Simulators vs Simulators. How they work and what the differences are.

You may have heard both terms, especially in games. Simulators and simulators, although they seem to be the same thing, have fundamentally different differences. See what they are and how the two systems work.

virtualbox 1

In English, the terms emulation are used and simulation is used. In the world of software, it is common to hear people talk about them as if they were synonymous.

To some extent, this makes sense. Simulators and simulators are similar in many opinions and the differences between them do not always matter, at least from the point of view of a simple user.

But the fact remains that simulators and simulators are different tools. That's why there are two different words in our vocabulary. If you are into programming and want to make the most of every type of tool, it is important to understand what makes simulators different from emulators and why you choose to use one or the other.

Simulators and emulators: What they have in common

Virtualization, emulation, simulation

First, let me explain how simulators and simulators look like each other.

Simulators and simulators make it possible running software tests in flexible software environments. This way, they allow you to perform tests faster and easier than you could if you had to configure a real hardware device.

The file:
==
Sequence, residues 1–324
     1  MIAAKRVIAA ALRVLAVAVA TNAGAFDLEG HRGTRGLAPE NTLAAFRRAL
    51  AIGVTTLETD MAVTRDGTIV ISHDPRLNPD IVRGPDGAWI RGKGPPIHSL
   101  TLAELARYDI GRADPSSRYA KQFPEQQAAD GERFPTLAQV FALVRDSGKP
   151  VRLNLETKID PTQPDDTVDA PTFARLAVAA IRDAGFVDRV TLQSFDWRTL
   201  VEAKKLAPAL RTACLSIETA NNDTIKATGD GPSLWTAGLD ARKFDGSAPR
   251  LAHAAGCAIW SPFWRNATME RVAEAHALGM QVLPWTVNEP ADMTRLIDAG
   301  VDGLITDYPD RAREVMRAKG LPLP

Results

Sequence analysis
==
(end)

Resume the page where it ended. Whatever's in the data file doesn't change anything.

This is why simulators and emulators are commonly used to perform most software tests. The actual device test tends to run only on the final tests in the software delivery line, just before the software is released to production.

This way, you can take advantage of the speed and flexibility of emulated and simulated test environments for most software tests, while also having a deep knowledge of real device testing before making your software available to end users.

Simulators vs. Simulators: How They Are Different

microsoft flight simulator

But the fact that simulators and simulators both serve similar purposes does not mean that they work in the same way. There are substantial differences between them.

A simulator is designed to create an environment that contains all the software variables and configurations that will exist in the actual environment of an application. However, the simulators do not attempt to mimic the actual material which will host the application. Because emulators only create software environments, they can be implemented using high-level programming languages.